Anxiety and Improv
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Around minute forty-two of episode #111 of the Magnet Theater Podcast (embedded below), guest Kristina Grosspietsch and host Louis Kornfeld start talking about anxiety. One line in particular stuck out for me when Louis says, “It seems to me that a lot of people who cope with anxiety are drawn to improv.” He then points out the irony. “I can think of few things that lead to anxiety quite as well as improv does.”

First, let me just say that listening to other anxiety-ridden people talk about their anxiety is actually kind of exciting for me. I don’t mean that in a cruel way. It’s more like, “Holy shit! You feel this too? You’re constantly worrying what everyone is thinking about you? Awesome!” Okay, it’s not “awesome” but you made me feel temporarily less weird and that is awesome.

Anxiety is definitely a force in my life. So, it is kind of ironic that I seek out not only comedic performance but comedic performance in which nothing is prepared.

I’ll paraphrase the classic Jerry Seinfeld joke. For most people, the number one fear is public speaking. The second one is death. That means that, at a funeral, most people would rather be in the coffin than giving the eulogy.

As they mention in the podcast, there must be an element of confronting anxiety as a means to control it. In my experience, anxious people, myself included, engage in anxiety inducing behavior. You would think we would do whatever we had to do to reduce it. But if you tally the hours of my life spent smoking cigarettes, drinking coffee, or getting on stage versus the hours spent doing yoga and meditating, anxiety beats serenity handily.

In the book Flow – the oft cited book about achieving an optimal “flow state” with an activity – Mihaly Csikszentmihaly says that flow happens in a, “goal-directed setting with rules that offer challenges and require skills.” (Emphasis mine.) So, you need to be doing something in which you can succeed or fail. It also has to be a challenge within a framework. Too much challenge and you might give up, too little challenge and you get bored.

He talks about people achieving flow in a wide variety of ways across a broad spectrum of careers and activities – surgeons, chess players, literally any activity you can think of. It was his mention of rock climbers, though, that fascinated me the most. Rock climbers do something incredibly dangerous, anxiety provoking to say the least. The flow state, however, comes not from the fact that they are putting themselves in danger; it comes from all measures they take to minimize the danger.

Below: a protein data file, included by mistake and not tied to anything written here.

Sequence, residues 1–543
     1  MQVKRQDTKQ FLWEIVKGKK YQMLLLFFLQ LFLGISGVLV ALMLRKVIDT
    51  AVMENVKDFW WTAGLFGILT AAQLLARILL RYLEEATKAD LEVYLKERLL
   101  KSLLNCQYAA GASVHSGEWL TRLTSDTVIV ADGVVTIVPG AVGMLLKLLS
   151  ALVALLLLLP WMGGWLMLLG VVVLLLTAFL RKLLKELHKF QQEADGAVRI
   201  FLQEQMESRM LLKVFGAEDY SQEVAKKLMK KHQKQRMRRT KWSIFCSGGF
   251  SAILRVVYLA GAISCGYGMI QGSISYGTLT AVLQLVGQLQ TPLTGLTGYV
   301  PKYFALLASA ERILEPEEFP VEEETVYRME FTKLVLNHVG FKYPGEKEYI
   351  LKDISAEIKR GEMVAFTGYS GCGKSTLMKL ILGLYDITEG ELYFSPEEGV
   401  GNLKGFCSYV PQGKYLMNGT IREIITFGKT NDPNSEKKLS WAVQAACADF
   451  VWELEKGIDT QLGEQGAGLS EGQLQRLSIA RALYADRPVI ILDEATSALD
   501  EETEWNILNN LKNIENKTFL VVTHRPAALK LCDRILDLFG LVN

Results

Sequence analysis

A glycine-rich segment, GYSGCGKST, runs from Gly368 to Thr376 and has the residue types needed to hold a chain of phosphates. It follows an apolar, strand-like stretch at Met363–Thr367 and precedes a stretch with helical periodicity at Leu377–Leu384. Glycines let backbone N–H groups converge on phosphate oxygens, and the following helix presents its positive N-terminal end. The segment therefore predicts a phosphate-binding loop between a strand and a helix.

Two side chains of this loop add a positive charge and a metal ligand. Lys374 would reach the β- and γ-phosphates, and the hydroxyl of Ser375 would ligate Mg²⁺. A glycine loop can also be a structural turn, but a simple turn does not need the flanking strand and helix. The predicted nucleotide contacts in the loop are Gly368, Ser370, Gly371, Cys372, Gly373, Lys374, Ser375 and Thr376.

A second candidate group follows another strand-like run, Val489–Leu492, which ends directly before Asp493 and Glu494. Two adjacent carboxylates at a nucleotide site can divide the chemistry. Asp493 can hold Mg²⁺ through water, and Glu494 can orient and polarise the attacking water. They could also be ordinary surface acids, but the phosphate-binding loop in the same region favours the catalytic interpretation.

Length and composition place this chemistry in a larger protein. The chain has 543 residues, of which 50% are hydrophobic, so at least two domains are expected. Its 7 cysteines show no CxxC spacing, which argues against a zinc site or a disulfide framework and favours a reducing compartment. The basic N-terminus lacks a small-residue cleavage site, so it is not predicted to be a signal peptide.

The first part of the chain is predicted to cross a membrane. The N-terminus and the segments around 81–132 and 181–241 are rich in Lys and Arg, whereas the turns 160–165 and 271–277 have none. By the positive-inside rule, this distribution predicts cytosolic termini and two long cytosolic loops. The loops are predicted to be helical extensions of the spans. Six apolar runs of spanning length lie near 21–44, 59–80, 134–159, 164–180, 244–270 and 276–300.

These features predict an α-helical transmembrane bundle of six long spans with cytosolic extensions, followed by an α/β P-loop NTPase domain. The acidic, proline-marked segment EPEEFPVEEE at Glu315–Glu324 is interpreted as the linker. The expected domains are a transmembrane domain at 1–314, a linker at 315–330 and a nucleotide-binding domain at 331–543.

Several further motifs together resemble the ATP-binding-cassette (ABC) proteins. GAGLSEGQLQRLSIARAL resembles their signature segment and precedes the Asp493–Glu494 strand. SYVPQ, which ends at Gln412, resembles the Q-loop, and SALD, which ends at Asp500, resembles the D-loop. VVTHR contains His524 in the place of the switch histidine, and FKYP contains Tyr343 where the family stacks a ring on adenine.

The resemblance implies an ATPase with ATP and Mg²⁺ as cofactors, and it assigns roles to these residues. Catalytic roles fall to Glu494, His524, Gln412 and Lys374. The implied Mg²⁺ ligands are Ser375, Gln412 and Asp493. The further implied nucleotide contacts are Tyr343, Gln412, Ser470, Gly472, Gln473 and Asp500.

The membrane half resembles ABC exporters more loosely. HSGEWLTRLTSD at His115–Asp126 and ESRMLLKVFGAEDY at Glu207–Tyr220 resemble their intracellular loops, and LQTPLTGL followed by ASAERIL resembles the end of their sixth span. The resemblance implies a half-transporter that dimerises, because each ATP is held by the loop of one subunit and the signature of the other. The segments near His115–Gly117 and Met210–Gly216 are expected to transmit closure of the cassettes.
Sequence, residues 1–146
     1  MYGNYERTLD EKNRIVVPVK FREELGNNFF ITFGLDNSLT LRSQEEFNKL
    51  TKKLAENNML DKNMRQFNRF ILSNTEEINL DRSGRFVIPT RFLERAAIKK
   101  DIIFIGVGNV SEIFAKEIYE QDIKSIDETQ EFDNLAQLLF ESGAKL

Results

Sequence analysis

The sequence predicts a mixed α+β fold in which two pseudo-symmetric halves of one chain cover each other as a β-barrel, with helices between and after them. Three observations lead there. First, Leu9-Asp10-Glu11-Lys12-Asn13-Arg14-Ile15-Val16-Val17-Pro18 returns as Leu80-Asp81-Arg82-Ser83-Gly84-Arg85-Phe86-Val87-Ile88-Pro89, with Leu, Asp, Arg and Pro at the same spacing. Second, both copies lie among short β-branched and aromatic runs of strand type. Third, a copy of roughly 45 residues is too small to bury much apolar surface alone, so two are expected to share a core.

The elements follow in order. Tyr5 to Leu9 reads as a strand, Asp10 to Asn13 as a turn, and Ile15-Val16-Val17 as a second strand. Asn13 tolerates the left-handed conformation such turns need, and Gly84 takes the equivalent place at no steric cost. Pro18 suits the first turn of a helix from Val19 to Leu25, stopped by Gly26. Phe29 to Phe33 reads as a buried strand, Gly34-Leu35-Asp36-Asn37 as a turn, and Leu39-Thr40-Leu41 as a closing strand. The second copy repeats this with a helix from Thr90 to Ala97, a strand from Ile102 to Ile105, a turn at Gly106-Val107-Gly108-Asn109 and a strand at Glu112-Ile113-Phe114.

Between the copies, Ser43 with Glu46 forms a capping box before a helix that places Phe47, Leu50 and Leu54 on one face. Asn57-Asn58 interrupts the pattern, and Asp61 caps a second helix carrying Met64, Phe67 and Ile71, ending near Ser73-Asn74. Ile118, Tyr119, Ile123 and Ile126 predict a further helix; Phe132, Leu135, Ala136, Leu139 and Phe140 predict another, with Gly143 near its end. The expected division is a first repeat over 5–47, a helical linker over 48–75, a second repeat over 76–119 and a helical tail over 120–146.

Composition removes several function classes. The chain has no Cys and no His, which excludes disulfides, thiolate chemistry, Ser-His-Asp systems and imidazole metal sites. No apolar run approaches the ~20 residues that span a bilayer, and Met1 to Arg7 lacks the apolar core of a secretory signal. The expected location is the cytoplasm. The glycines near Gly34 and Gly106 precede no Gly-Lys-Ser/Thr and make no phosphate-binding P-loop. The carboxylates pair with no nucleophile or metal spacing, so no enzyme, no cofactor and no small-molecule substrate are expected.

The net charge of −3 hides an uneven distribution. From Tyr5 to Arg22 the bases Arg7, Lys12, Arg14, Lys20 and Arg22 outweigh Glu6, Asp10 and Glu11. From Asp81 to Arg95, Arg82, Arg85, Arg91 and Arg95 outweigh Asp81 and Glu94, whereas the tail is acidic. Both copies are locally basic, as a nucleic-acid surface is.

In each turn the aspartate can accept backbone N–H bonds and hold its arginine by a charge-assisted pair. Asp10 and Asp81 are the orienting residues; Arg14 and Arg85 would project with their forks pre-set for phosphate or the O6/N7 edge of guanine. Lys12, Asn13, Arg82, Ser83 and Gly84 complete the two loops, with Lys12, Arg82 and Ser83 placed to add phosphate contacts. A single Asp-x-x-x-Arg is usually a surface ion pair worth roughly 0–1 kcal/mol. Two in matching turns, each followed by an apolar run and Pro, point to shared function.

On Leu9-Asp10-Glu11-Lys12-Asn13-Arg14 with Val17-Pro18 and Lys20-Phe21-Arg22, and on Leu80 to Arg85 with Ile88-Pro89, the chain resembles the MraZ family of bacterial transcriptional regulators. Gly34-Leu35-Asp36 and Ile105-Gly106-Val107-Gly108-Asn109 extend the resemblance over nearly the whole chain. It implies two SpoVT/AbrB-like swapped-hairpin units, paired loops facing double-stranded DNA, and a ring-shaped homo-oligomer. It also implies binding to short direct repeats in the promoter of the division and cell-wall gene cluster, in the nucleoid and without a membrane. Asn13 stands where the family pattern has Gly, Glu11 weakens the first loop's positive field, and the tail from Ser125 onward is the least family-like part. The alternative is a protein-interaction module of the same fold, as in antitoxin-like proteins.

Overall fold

I often hear people who are far more confident than I am in actual life say, “I could never do that.” Well, I’m not doing it to make myself anxious. I’m doing it because I know that it’s possible to experience the complete loss of anxiety on stage. By plunging myself into it, I have the chance to release it.

As Kristina points out in the podcast, you also have to have some ambition. I’m sure there are many more anxious people at home not doing improv. On some level, you have to want to confront anxiety because when you just appease it, it can feel like a defeat.

I think my relationship to anxiety and comedy goes a little deeper than just improv, though. Why did I love comedy in the first place? And why did I find myself trying to be funny?

First of all, comedy soothes me. As a kid, if I were ever unhappy, I would turn on comedy and it made me feel better.

More importantly, though, a lot of social anxiety comes from wondering what another person thinks of you. Does this person like me? Do they hate me are they bored by me? Making someone laugh takes some of the guesswork away. If I can make someone laugh in a conversation, it feels like they’re okay with me, if only for that fleeting moment.

When I’m on stage, I’ll improvise or tell a story and what I get back is either silence or laughter. It’s almost binary. There’s also the buckshot aspect of an audience. If half of them laugh, it’s still a laugh. If I’m talking to one person and I say something unfunny or awkward and that person just glares back at me, that’s one hundred percent of that person not liking me. Throw in something verbal like, “Um, what?” and the sting is compounded.

If you have social anxiety, you can relate to that moment when you say something dumb. Whether it actually was dumb or not is actually irrelevant. It sounded dumb to you and you recognize it instantaneously. Much like an athlete pulling a hamstring can tell instantly that she’ll be on the sidelines for a month or two, the anxiety ridden person can tell himself, “I’m gonna be obsessing over that gem for a while.”

I’ve also never regretted doing improv. I’ve been upset at myself for a bad show. That happens. But when you’re with some people and you’re doing this weird thing we do, you don’t worry. For however long that silly thing lasts – that warm up, that scene, that group game – you know that the people around you are cool with it and that you’re supposed to be doing it. For all the years I’ve been doing improv no matter how I feel going into a show or rehearsal, after I come out I always think, “I’m glad I did that.”

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